Recently we highlighted the rapid effort to pass H.R. 2666 (the so-called “No Rate Regulation of Broadband Internet Access Act”) as a poorly crafted effort to prohibit rate regulation. We pointed out a variety of options to mitigate the consequences of the broad sweeping language. Consequences which we allowed were perhaps unintended.
It turns out we can now see they are very much intended. House Rules Committee just announced they will be bringing an amended version of the bill to the floor as soon as next week. Boiled down: the effect of this bill as it is currently written authorizes a variety of consumer rip-offs. If that is not what its authors intend, then it must be defeated or amended.
On its face, the bill has been cleverly rewritten to work in a couple of specific carve-outs, such as exempting enforcement of the “no paid prioritization” rule or protecting interconnection between network providers. Taken individually, these added provisions look at first glance like an attempt at compromise.
But it actually exposes what we fear is the bill’s true intent: The outright authorization of broadband internet access service providers’ ability to charge monopoly rates – and taking the cop who exists to protect consumers from this off the beat.
The problem is that the bill’s proponents still have not heeded our warnings about the definition of rate regulation, which they have written to read:
“The term ‘regulation’ or ‘regulate’ means, with respect to a rate, the use by the Commission of rulemaking or enforcement authority to establish, declare, or review the reasonableness of such rate.”
The implications of that broader “enforcement authority” language on the Federal Communication Commission’s consumer protection authority include, but are not limited to:
Erasing any enforcement abilities over monopoly rates, data caps, and myriad other practices related to pricing that are not explicitly encompassed by the “paid prioritization”’exemption. This is a big problem when the current broadband market effectively comprises regional monopolies and duopolies;
Deliberately obliterating 201(b) enforcement and therefore undermining the fundamental nature and efficacy of the Open Internet Rules;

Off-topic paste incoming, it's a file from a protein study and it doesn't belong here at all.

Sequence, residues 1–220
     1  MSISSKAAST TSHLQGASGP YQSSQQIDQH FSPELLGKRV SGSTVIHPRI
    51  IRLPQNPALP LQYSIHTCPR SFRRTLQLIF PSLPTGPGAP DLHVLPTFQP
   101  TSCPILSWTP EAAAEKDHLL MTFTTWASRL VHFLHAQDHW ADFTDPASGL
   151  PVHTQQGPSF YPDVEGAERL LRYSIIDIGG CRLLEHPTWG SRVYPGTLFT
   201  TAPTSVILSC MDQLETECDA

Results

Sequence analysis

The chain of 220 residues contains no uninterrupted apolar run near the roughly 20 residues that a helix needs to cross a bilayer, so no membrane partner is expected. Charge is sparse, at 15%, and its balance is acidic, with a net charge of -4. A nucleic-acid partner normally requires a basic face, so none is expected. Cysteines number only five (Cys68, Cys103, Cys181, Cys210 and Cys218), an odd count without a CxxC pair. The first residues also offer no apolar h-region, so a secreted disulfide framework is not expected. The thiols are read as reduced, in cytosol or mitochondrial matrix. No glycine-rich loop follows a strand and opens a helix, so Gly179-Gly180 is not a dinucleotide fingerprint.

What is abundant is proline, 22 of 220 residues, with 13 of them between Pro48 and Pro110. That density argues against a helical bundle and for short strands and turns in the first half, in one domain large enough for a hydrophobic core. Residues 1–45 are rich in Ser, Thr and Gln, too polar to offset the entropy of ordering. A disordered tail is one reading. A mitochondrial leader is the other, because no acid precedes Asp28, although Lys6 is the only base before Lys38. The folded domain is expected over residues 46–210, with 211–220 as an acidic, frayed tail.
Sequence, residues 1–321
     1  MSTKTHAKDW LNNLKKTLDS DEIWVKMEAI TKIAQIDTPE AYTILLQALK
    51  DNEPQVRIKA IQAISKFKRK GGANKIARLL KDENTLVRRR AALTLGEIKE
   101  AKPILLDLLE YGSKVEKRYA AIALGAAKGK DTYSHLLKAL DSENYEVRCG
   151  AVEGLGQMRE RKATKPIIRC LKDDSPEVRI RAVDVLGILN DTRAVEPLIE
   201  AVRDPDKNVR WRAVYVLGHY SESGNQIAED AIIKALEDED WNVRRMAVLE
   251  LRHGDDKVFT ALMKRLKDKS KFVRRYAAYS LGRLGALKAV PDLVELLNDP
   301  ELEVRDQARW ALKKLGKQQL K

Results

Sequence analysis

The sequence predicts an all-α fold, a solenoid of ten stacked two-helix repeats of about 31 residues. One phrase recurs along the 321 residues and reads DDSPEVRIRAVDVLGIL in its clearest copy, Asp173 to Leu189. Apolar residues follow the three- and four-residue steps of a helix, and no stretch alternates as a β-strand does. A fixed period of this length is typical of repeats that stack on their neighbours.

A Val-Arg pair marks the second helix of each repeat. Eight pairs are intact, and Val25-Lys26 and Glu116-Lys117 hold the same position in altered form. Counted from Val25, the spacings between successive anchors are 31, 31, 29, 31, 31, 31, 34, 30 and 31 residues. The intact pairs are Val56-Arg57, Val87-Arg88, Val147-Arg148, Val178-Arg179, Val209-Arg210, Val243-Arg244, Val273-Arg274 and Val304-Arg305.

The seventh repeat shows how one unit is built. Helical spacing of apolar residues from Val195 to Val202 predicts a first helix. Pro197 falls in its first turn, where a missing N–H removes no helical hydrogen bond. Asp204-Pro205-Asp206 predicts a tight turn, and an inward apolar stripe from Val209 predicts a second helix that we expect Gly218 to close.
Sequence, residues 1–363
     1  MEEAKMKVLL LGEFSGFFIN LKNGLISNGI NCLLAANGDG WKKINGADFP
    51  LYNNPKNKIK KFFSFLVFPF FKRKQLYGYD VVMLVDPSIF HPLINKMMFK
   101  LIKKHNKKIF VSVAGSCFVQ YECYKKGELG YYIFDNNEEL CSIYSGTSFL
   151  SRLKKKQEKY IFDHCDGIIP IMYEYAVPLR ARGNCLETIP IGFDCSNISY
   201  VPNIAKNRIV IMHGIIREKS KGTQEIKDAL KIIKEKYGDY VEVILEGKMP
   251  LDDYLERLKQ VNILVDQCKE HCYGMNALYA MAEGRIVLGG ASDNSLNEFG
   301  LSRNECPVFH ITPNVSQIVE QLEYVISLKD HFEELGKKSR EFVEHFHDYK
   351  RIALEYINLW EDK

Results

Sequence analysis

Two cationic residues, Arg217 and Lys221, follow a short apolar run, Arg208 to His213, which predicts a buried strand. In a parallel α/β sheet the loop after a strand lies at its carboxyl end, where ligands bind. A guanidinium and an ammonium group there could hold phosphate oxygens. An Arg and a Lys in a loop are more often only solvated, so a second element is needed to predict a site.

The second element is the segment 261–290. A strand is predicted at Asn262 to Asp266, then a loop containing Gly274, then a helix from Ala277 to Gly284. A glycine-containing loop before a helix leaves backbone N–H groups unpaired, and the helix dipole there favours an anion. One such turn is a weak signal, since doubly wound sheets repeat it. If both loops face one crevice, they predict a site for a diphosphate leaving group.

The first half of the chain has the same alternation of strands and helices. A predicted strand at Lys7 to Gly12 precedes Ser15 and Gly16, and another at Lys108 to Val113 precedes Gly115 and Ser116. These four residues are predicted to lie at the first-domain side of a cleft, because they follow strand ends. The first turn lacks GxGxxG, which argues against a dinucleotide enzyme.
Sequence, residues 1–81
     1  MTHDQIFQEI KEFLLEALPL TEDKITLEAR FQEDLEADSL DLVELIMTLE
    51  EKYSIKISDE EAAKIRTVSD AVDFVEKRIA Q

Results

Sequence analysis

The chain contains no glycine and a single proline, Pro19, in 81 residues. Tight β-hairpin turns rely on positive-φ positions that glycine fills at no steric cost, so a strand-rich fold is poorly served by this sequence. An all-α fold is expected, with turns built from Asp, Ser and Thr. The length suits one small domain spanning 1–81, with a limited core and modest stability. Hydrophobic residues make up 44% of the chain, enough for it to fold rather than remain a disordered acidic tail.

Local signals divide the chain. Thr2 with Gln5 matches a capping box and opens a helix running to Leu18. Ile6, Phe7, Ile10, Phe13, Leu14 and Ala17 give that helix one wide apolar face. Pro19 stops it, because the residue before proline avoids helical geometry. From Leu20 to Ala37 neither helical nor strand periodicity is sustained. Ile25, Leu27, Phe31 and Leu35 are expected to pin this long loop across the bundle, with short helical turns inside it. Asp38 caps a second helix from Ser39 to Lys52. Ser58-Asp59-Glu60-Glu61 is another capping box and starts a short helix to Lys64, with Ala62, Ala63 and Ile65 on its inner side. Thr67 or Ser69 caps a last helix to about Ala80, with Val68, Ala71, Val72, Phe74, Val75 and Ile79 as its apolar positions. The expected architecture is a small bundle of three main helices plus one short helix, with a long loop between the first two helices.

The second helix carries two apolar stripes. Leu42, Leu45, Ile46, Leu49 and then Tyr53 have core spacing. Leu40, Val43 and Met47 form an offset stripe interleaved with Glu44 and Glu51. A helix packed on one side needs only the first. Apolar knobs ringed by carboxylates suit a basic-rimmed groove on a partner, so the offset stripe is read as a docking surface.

Rendering many merger conditions in both past and pending mergers related to cost null and void, putting at risk critical public interest benefits upon which many mergers were contingent, like pledges to bring low cost broadband to disadvantaged communities, since the bill revokes the FCC’s ability to review and enforce them.
This provision doesn’t just affect the consumers who already face exorbitant prices due to little choice of provider. It also affects small businesses who depend on their local monopoly broadband provider to connect to geographically dispersed employees and contractors, as well as to reach 21st century consumers and compete in a global marketplace.
The thing is, these implications could be so easily addressed by merely revising the bill’s definition of rate regulation to its commonsense meaning, “to set a rate.” Period. Simple, effective, and, in theory, addresses exactly the issue the bill’s proponents purportedly set out to tackle. As Representative Anna Eshoo noted in the House Energy and Commerce Committee bill markup, this proper definition for rate regulation was recently affirmed by the Supreme Court. Public Knowledge has raised this point time and again; and time and again the offending language appears in the next iteration of the bill.
So they haven’t tried to fix it, and it seems that they won’t. Because as FCC Chairman Wheeler noted in the Senate Appropriations Committee hearing yesterday, last year’s concern over rate setting per se has been coopted and mutated into another all-out strike on the FCC’s ability to do its job. But at least we can applaud the bill’s sponsors for finally putting the writing on the wall.